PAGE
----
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Protective Orders Reversed Because Probate Court ‘Put Cart Before Horse’

Posted on Wednesday, January 6, 2021

The Michigan Court of Appeals reversed the protective orders that were issued in these consolidated appeals, ruling the probate court “put[] the cart before the horse” when finding that the protective order requirements in the Estates and Protected Individuals Code (EPIC) were satisfied.

The petitions for protective orders in In re Estate of Schroeder (Docket No. 351011) and In re Estate of Almy (Docket No. 351012) were filed before Medicaid applications were submitted or eligibility determinations were made on behalf of Keith Norbert Schroeder and James E. Almy to cover the costs of their long-term care at a facility. The Michigan Department of Health and Human Services (DHHS) objected to the petitions. The Saginaw County Probate Court granted the petitions and issued the protective orders in both cases.

The DHHS appealed, arguing that clear and convincing evidence was not presented to meet the protective order requirements in EPIC, MCL 700.1101 et seq.

The Court of Appeals agreed, reversing the protective orders and remanding both matters.

According to the Court of Appeals, it was particularly troublesome that the probate court considered Medicaid amounts for both Schroeder and Almy, when no Medicaid eligibility and amount determinations had been made at the time the protective orders were issued.

“The probate court here … considered needs in the context of Medicaid-related circumstances even though Mr. Schroeder and Mr. Almy were not receiving Medicaid benefits and were awaiting Medicaid eligibility determinations,” the Court of Appeals wrote. “A nursing home resident who does not qualify for Medicaid coverage will certainly owe considerably more money to the nursing home than a patient-pay amount in a Medicaid setting. The idiom putting the cart before the horse is aptly applicable to the probate court’s analysis. Therefore, reversal is necessary.”

Because the circumstances regarding long-term care and Medicaid coverage had likely changed while the appeal was pending, on remand “the probate court shall consider the circumstances as they actually exist,” the Court of Appeals said.

Judges Jane E. Markey, Patrick M. Meter and Michael F. Gadola were on the panel that issued the published opinion.

Background

In Schroeder, Keith Norbert Schroeder, a protected person, was in a rehabilitation and recovery hospital. His wife, Hedy Pauline Schroeder, was living in the marital home when Jonathan Schroeder, one of their children, petitioned the Saginaw County Probate Court for a protective order. The petitioner claimed a protective order was necessary because his father was unable to effectively manage his property and business affairs due to physical disability and was likely to become a permanent resident in a long-term care facility. The probate court granted the petition over the DHHS’s objection, finding that the criteria in EPIC for a protective order had been met. The resulting protective order transferred Schroeder’s individual and joint interests in assets to his wife, required Schroeder to make support payments to his wife from a portion of his income stream and terminated Schroeder’s spousal rights as to any potential future inheritance. The DHHS appealed the order.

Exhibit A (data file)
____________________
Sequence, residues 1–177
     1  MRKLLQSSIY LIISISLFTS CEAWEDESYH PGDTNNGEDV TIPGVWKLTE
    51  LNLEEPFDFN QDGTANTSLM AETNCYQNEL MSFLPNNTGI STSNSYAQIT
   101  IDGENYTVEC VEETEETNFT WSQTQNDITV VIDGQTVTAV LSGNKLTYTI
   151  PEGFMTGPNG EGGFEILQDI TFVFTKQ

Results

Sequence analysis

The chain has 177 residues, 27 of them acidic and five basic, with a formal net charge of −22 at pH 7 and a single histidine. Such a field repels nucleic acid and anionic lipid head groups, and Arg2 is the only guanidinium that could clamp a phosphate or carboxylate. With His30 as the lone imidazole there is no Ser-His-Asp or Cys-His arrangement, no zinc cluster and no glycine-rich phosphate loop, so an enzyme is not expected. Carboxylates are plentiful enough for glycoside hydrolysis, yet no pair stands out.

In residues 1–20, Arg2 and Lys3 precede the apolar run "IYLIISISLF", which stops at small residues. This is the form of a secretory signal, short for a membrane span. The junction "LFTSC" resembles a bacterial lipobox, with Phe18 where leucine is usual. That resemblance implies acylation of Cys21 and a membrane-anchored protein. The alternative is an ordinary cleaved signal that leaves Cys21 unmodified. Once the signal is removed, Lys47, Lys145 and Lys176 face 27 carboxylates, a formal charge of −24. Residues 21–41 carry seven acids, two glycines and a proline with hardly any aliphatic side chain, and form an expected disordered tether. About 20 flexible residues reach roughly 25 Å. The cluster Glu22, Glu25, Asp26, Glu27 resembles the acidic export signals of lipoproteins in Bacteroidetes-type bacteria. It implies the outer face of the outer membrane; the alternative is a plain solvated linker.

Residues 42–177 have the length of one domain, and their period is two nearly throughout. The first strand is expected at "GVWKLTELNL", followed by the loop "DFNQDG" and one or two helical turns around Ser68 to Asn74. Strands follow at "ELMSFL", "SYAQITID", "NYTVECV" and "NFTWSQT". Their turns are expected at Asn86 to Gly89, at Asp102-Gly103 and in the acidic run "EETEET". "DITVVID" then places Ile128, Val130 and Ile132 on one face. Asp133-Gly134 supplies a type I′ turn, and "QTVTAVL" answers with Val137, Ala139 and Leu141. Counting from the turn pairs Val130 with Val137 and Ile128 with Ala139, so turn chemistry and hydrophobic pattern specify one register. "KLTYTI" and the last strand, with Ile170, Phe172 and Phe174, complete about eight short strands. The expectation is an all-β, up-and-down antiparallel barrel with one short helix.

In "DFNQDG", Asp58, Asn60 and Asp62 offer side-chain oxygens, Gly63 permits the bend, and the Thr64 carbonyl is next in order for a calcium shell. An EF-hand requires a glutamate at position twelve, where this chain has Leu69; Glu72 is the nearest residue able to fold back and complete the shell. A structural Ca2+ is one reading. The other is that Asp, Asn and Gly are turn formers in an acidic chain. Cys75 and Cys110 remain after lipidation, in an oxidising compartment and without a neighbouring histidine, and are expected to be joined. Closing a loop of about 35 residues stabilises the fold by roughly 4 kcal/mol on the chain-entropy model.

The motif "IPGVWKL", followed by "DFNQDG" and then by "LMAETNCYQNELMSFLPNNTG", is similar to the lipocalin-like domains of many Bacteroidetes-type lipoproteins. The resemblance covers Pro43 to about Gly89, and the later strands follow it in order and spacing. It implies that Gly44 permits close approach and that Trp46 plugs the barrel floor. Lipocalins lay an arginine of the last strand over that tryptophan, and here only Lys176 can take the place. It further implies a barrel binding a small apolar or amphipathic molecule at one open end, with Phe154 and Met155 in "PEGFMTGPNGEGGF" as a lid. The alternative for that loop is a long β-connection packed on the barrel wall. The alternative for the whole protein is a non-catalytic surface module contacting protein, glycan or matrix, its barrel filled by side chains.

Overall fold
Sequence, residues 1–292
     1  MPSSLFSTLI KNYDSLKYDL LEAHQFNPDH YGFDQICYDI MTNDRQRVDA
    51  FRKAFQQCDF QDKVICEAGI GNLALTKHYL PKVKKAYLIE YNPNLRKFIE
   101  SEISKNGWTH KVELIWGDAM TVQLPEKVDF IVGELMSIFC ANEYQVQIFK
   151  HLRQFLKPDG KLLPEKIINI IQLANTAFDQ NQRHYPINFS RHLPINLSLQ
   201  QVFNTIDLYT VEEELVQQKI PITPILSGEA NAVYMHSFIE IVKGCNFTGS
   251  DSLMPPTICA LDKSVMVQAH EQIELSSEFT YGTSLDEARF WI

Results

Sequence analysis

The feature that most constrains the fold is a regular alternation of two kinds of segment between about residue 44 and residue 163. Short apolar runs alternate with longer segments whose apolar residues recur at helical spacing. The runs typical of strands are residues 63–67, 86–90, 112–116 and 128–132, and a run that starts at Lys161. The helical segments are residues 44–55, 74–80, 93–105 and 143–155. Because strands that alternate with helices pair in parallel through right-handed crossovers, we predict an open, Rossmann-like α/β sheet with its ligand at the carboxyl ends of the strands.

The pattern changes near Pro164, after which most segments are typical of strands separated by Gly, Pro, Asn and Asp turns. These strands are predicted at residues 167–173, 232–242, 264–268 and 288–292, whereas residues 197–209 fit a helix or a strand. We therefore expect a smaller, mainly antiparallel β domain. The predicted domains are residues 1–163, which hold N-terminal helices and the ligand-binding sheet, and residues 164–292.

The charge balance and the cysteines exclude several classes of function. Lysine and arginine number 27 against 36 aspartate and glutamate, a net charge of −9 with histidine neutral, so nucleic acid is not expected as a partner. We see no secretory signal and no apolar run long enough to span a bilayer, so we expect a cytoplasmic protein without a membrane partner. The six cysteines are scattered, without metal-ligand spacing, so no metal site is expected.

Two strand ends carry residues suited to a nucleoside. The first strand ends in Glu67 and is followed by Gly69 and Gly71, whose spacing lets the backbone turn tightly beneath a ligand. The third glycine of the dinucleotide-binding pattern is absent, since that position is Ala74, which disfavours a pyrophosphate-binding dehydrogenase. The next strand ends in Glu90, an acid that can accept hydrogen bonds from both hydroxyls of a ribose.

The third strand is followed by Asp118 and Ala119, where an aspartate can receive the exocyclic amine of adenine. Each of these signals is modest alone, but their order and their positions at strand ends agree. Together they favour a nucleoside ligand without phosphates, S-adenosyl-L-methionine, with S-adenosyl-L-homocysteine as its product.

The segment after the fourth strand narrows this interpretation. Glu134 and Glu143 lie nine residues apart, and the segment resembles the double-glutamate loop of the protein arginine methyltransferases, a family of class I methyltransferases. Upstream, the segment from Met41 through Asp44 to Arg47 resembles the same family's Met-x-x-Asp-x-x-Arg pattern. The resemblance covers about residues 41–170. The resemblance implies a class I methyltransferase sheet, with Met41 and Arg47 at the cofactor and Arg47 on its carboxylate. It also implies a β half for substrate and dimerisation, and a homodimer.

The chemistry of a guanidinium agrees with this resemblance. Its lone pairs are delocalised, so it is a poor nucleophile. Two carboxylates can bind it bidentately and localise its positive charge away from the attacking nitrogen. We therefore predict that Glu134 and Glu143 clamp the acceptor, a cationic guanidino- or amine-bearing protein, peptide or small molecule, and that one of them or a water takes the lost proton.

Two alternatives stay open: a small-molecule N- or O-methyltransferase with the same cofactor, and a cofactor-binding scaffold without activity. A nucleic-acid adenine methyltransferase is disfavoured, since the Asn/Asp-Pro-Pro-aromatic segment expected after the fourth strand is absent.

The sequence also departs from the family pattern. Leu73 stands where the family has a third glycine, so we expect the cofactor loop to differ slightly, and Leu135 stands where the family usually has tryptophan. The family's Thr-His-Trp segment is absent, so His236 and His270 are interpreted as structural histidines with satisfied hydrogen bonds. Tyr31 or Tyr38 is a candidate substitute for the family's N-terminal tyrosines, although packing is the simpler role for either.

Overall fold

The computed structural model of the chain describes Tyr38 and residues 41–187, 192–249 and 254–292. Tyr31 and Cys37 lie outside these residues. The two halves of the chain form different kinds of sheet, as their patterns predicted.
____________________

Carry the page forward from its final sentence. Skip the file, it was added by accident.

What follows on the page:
In Almy, James E. Almy was in a rehabilitation center. His wife, Barbara J. Almy, was living in the marital home when she petitioned the probate court for a protective order. She alleged a protective order was needed because her husband was unable to effectively manage his property and business affairs due to physical illness and was likely to become a permanent resident in a long-term care facility. The probate court granted the petition over the DHHS’s objection, finding the criteria in EPIC for a protective order had been satisfied. The protective order transferred Almy’s individual and joint interests in assets to the petitioner (his wife), required Almy to make support payments to his wife from a portion of his income stream and terminated Almy’s spousal rights with respect to any potential future inheritance. The DHHS appealed the order.